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Hannah Mary Tabbs and the Disembodied Torso
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Table of Contents

Prologue ; Ch 1 "Handle With Care" ; Ch 2 "The Woman Found" ; Ch 3 "To Do Him Bodily Harm" ; Ch 4 "Wavy Hair and Nearly White Skin" ; Ch 5 "Held for Trial" ; Ch 6 "The Defense Opens" ; Epilogue ; Notes ; Bibliography ; Index

About the Author

Kali Nicole Gross is Martin Luther King, Jr. Professor of History at Rutgers University. She is also the author of Colored Amazons: Crime, Violence, and Black Women in the City of Brotherly Love, 1880-1910. Her work has been featured on NPR and in The Washington Post, Jet, and Ebony.

Reviews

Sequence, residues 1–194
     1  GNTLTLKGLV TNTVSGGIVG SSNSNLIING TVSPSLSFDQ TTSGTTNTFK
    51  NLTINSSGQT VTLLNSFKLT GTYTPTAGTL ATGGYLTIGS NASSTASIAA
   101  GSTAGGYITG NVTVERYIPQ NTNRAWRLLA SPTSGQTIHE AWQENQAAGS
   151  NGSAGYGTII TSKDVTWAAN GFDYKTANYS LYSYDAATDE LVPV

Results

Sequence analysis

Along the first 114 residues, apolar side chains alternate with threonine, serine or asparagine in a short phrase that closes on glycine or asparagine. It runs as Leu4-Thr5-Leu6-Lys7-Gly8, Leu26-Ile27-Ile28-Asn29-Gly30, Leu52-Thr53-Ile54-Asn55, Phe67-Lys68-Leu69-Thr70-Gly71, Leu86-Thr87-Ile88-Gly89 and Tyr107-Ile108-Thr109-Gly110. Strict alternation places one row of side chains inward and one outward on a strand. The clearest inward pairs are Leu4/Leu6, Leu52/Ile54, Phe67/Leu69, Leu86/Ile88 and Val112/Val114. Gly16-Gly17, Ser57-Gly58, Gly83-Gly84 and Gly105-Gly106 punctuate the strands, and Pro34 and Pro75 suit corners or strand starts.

"A sordid murder reveals beliefs about race, sex, and justice in post-Civil War Philadelphia. Historian Gross draws on police and prison records, witness testimony, newspapers, and other archival sources to produce a thorough, absorbing examination of the crime, its context, and the two people tried."--Kirkus Reviews "Gross examines the intersections of race and gender in 19th-century Philadelphia in this dynamic and powerfully rendered account of the 1887 trial of Hannah Mary Tabbs...Gross's in-depth accounts of the police brutality, forced confessions, and science-based forensics involved in the case feel surprisingly modern."--Publishers Weekly "In this shrewd historical study, a salacious murder trial in 1887 Philadelphia offers insights on criminal justice, violence, race and gender."--Shelf Awareness "Kali Gross has written a riveting narrative of the crimes of an ordinary but notorious woman in late nineteenth-century urban America. She does not flinch from the harsh truths her subject forces her to face. She sketches a portrait with the complexity and sensitivity it deserves. The book bristles with lessons for understanding vulnerable communities and their engagement with the criminal justice system today."--Tera Hunter, Princeton University "This is a disturbing book, not only because the story swirls around a most gruesome murder, or because Hannah Mary Tabbs executed her crime with cold-blooded resolve and cinematic flair, or because its spellbinding narrative will leave you breathless at times. Rather, this is a disturbing book because Kali N. Gross disturbs all of our inherited categories, proving once again that woman, man, black, white, agency, evidence, truth, even justice, are too small for the historical subjects whose lives we wish to know. This is why Kali N. Gross is one of the most original and imaginative historians of her generation."--Robin D. G. Kelley, author of Thelonious Monk: The Life and Times of an American Original "Kali Gross is one of the smartest historians around these days. And she's the most uncompromising in her commitment to discovering and telling true stories about fierce and fascinating lives-stories that illuminate the flaws running right through the rock of American history. You'll discover more than just the identity of the disembodied torso in the tale Gross spins about Hannah Mary Tabbs--but you'll discover that, too."--Edward E. Baptist, author of The Half Has Never Been Told: Slavery and the Making of American Capitalism "Hollywood folks, if you're reading this, get the script ready for Viola Davis or Lynn Whitfield. This unsettling story of Tabbs, a married, working-class Black woman, who carries on a torrid affair, ends in a gruesome murder that rivals Lizzie Borden's legend."--Essence "It's the type of tale you don't often hear during Black History Month: the biography of an antiheroine who made her way in the world through violence, deception, and adultery. It's also a true-crime story told nearly 130 years after the fact--culminating in the century-late exoneration of a man who, Gross argues, was framed for murder....In uncovering the story, [Gross] shed light on the tense race relations of the time: Tabbs' vulnerable place under the law as a black woman, and Wilson's still-more-tenuous status as a light-skinned interracial man."--Philadelphia Inquirer "Hannah Mary Tabbs and the Disembodied Torso is an engrossing whodunit and a gripping read with a suitably ambiguous ending that is not easy to forget."--New York Journal of Books "Using this 1887 murder of a mixed race victim as a starting point, Kali Nicole Gross explores America's complicated history with race, sex and violence. Gross meticulously dissected the detective and trial notes to recount the story of a love triangle gone terribly wrong, with race and the aftermath of slavery playing a central role."--Metro "Gross explores the life and crimes of this fascinating woman. Gross details this murder and dismemberment resulting from a love triangle gone wrong, and explores the lives of blacks and mulattoes in post-Reconstruction Philadelphia."--QRB: The Black Book Review "In following this specific, enthralling case from a time after the Civil War and before current tensions between police departments and communities of color, Gross connects the criminal justice system of the Reconstruction era with both its roots and where it ended up. Academic but accessible, this smart story is an absolute page-turner."--BUST "A sordid murder reveals beliefs about race, sex, and justice in post-Civil War Philadelphia. Historian Gross draws on police and prison records, witness testimony, newspapers, and other archival sources to produce a thorough, absorbing examination of the crime, its context, and the two people tried. " --Kirkus Reviews "Gross examines the intersections of race and gender in 19th-century Philadelphia in this dynamic and powerfully rendered account of the 1887 trial of Hannah Mary Tabbs...Gross's in-depth accounts of the police brutality, forced confessions, and science-based forensics involved in the case feel surprisingly modern." --Publishers Weekly "In this shrewd historical study, a salacious murder trial in 1887 Philadelphia offers insights on criminal justice, violence, race and gender." --Shelf Awareness "Kali Gross has written a riveting narrative of the crimes of an ordinary but notorious woman in late nineteenth-century urban America. She does not flinch from the harsh truths her subject forces her to face. She sketches a portrait with the complexity and sensitivity it deserves. The book bristles with lessons for understanding vulnerable communities and their engagement with the criminal justice system today." --Tera Hunter, Princeton University "This is a disturbing book, not only because the story swirls around a most gruesome murder, or because Hannah Mary Tabbs executed her crime with cold-blooded resolve and cinematic flair, or because its spellbinding narrative will leave you breathless at times. Rather, this is a disturbing book because Kali N. Gross disturbs all of our inherited categories, proving once again that woman, man, black, white, agency, evidence, truth, even justice, are too small for the historical subjects whose lives we wish to know. This is why Kali N. Gross is one of the most original and imaginative historians of her generation." --Robin D. G. Kelley, author of Thelonious Monk: The Life and Times of an American Original "Kali Gross is one of the smartest historians around these days. And she's the most uncompromising in her commitment to discovering and telling true stories about fierce and fascinating lives-stories that illuminate the flaws running right through the rock of American history. You'll discover more than just the identity of the disembodied torso in the tale Gross spins about Hannah Mary Tabbs - but you'll discover that, too." --Edward E. Baptist, author of The Half Has Never Been Told: Slavery and the Making of American Capitalism "Hollywood folks, if you're reading this, get the script ready for Viola Davis or Lynn Whitfield. This unsettling story of Tabbs, a married, working-class Black woman, who carries on a torrid affair, ends in a gruesome murder that rivals Lizzie Borden's legend." --Essence